(Reading) My surest memories of that day are the reflector running up the windshield and the sunshine in the cracks, as Dad got me home. I can imagine the flash of impact, of course, even if I'm unable to really call back much about it. But it's not hard to guess at the terrible scratched-out details.
The truth is anyone with a TV can fill in this scene, taking snippets from the editing floor, plug-ins from the visual and sound effects library we all carry; pretty girl on bike, a shy little thud, hysterical windshield. And I'm somewhere in there too trying to swerve, trying to disappear.
Ms. PEARL: I know. isn't that - and this event took place more than half his life ago and he's still, of course, coming to terms to that. He goes to the funeral of his classmate and he goes back to talk to her parents. Her mother says to him: I know it was not your fault, Darin. They all tell me it was not your fault. But I want you to remember something, whatever you do in your life you have to do it twice as well now, because you are living it for two people. Can you promise me? Promise.
I mean that's just like, oh, my gosh, heart-wrenching to read and to have that responsibility placed on you.
INSKEEP: Nancy Pearl is giving us some memoirs here. Let's go to a book where the title is "Stuffed" by Patricia Volk. What's happening here?
Ms. PEARL: Oh, this is a fabulous. This is another family history. And I think what just sets this book apart from many other family histories is the love that Patricia Volk has for all of her extended family; even the weirdest ones. Her family did have restaurants in New York, so there is that kind of food connection. But you don't have to be a foodie, which I am certainly not, to love this book.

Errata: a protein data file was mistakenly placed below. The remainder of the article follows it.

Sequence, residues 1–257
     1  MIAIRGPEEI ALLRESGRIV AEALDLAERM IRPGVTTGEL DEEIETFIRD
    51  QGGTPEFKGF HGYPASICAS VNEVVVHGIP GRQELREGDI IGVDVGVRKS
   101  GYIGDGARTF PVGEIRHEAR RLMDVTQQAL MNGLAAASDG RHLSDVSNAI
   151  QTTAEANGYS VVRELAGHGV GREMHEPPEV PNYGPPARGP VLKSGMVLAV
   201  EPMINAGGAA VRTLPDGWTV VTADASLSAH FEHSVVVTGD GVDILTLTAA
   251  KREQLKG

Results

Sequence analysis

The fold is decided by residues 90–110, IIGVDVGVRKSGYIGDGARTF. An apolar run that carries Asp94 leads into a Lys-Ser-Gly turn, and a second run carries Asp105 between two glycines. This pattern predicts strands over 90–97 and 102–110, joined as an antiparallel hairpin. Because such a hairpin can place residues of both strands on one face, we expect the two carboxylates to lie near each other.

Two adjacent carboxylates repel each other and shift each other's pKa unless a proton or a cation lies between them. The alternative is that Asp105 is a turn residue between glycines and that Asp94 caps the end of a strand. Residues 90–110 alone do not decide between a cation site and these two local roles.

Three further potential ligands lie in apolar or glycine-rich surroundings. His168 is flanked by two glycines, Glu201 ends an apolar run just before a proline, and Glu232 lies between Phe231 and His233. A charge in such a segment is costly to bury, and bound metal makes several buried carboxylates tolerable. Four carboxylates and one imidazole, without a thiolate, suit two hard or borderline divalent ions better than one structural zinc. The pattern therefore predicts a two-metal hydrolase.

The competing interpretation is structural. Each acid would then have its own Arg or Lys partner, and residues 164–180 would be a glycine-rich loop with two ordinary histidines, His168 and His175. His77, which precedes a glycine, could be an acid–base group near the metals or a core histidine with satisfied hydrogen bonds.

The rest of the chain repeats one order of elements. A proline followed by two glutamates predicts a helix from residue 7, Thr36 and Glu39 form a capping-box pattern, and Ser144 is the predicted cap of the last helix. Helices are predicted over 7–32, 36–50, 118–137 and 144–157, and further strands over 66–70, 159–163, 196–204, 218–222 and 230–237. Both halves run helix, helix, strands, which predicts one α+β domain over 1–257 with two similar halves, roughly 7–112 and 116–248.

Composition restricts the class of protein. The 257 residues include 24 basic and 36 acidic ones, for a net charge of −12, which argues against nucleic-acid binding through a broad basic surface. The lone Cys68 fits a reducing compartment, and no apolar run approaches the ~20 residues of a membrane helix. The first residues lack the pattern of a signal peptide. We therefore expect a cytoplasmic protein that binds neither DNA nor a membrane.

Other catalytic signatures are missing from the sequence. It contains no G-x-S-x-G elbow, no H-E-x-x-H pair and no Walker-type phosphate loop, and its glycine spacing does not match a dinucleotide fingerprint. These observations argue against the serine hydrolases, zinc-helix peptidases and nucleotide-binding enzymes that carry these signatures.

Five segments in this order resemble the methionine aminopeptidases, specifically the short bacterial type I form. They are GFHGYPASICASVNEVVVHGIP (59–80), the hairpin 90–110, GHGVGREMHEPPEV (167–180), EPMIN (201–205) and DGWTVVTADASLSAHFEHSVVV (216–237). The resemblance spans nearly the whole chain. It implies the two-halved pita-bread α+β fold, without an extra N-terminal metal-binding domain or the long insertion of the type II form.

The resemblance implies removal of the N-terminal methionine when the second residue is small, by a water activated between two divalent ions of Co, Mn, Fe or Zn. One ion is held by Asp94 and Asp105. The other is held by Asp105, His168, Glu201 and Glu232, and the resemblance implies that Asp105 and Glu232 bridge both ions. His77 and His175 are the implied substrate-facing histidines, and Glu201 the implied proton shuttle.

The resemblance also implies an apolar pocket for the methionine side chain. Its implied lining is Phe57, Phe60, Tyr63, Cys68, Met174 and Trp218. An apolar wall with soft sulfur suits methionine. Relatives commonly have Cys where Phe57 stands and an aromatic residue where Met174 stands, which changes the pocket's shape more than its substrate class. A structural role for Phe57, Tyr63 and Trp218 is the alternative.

There's this wonderful quote where she talks about her really beloved father, and how her father taught her how to swim, speak French, drive, eat using the utensils American-style - which nobody in America seems to do - be a spot welder, emboss, write English, ride Western, meringue, sing pop songs from World War I - "Keep Your Head Down Fritzie Boy."
(Soundbite of laughter)
Ms. PEARL: Up to his favorite, the one that still chokes him up although he's not sure why - "Younger Than Springtime," - remove a splinter, sap a blister by sticking a knot, carve a Thanksgiving turkey, chop/dice mince, et cetera.
And it's wonderful to read a memoir where the family, for the most part, was very close and really loved one another. And certainly, in Patricia Volk, they have the perfect chronicler.
INSKEEP: Here's one called "Encyclopedia of an Ordinary Life."
Ms. PEARL: Yes. This is one of my all-time favorite books by Amy Krouse Rosenthal. And here's what she says in her foreword. She says: I was not abused, abandoned or locked up as child. My parents were not alcoholics nor were they ever divorced or dead. We did not live in poverty or in misery or in an exotic country. I am not a misunderstood genius, a former child celebrity or the child of a celebrity.